To mark the 20th anniversary of the European Day of Languages on 26 September, the Skills Centre's Head of Foreign Languages and Italian national, Isabella Stefanutti, shares some fun facts about European languages and why language-learning is a fantastic skill to develop. 

Can you read this?

Aoccdrnig to a rceearsh sudty, it deosn’t mttaer  in  waht  oredr  the  lteters  in  a  wrod  are;  the  olny  iprmoatnt  fatcor  is  taht  the  frist  and  lsat  ltteres  are in  the  rghit  pclae.  Tihs is bcuseae the huamn mnid deos not raed ervey lteter by istlef, but the wrod as a wlohe.

Isn’t the ability to understand languages great?

If you're not bilingual yourself, you might be surprised to learn that more than half of Europe is! That’s a lot of people! No wonder that in 2001 the Council of Europe launched an initiative to celebrate the European Day of Languages on 26 September each year. This year the initiative is 20 years old.

Linguistic diversity is a key element in the rich cultural heritage of Europe and being able to speak languages is a great tool for achieving intercultural understanding. It’s also lots of fun and, when you travel, speaking the language of the locals can open many doors, metaphorically and literally!

Famous polyglots

Linguistic and intercultural skills are also very important when applying for a new job and for success in your career. Don’t believe me? Novak Djokovic is passionate about languages and has said that ‘the more languages you know, the more is your worth as a person’. He speaks fluent Serbian, English, French, German, Italian and can get by in various other languages. He is currently ranked as the best tennis player in the world, and is worth a considerable amount, so he is definitely true to his belief!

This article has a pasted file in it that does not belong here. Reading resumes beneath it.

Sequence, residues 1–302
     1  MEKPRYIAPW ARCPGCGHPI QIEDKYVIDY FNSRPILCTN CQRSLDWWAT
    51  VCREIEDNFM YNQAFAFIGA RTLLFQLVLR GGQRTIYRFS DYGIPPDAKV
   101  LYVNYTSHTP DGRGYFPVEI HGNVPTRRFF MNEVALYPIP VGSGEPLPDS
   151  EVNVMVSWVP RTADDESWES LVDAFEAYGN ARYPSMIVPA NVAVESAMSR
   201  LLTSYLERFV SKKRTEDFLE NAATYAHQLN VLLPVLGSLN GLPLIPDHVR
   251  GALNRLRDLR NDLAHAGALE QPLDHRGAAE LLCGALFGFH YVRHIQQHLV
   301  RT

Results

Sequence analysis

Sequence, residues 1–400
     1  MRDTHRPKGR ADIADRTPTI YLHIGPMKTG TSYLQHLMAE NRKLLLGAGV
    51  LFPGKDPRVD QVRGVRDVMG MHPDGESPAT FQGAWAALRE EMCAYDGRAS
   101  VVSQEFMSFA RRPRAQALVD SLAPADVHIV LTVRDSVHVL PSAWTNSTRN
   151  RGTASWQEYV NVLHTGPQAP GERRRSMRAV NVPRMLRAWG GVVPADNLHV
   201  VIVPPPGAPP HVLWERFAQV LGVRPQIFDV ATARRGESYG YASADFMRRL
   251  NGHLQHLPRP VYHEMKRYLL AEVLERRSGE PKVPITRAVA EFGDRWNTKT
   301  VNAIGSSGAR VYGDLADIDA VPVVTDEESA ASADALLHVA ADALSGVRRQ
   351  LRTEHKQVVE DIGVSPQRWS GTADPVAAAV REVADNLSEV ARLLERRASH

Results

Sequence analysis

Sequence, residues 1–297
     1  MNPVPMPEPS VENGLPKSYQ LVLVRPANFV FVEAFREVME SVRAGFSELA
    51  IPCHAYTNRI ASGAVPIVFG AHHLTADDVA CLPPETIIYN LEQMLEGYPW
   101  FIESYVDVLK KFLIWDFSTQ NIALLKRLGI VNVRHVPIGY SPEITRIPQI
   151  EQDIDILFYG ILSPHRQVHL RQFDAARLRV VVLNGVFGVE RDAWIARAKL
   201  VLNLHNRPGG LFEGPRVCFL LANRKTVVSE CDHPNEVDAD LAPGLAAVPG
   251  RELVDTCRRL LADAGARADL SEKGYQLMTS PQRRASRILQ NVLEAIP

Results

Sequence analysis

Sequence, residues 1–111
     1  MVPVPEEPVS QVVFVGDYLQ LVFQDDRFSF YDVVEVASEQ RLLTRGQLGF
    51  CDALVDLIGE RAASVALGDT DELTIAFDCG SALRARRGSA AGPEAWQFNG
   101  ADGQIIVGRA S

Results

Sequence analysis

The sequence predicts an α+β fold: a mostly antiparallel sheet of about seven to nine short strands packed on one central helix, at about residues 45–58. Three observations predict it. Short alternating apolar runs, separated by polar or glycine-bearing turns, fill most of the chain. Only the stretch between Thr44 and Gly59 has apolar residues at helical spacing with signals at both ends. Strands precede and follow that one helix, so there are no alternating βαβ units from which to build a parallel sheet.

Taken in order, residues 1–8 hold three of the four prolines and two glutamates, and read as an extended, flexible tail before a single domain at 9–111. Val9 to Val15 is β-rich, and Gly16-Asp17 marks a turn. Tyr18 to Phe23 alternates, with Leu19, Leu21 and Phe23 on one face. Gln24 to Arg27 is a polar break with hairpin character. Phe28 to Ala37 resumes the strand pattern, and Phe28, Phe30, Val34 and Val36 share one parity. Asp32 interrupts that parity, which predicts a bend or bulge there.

(You can find out lots of other celebrity polylinguals, like Gwyneth Paltrow, Natalie Portman and Shakira, and the languages they speak, on the EDL website.)

More facts

Do you know how many languages are spoken in Europe? There are 47 member states of the Council of Europe... many people are bilingual… so maybe you're guessing around 50? Well, 50 is way off!

In fact there are about 225 indigenous European languages, and many more languages are spoken by citizens whose family originates from other continents. (Incidentally, European languages make up only a small percentage of the estimated 6,000-7,000 languages spoken in the world!)

A few more fun facts about Europe's languages:

  • The Silbo language of La Gomera, Spain, is an ancient whistling language and is still taught in local schools today.
  • Euskara, the Basque language, is believed to be one of the oldest European languages.
  • The Czech letter ř is said to be one of the most difficult letters to pronounce in the world (except if you're Czech!)
  • The mother tongues spoken by most people in Europe are Russian, German, French, English and Turkish, in that order.

You can find out more facts, idioms, palindromes, longest words, tongue twisters and unique words in different European languages on the EDL website.

Get involved

If you'd like to learn a foreign language, there's a fantastic opportunity to do so at the University of Bath through the Skills Centre. You can take a course in a new language or pick up a language you already know where you left off.

And if you'd like to celebrate the 20th anniversary of the European Day of Languages (#coeEDL), there are lots of ways to get involved:

We'd love to hear what you get up to!

Most of all, languages enrich your life, so just enjoy learning and speaking them!

(Featured image courtesy of the Council of Europe.)

Posted in: employability, foreign languages, intercultural competence

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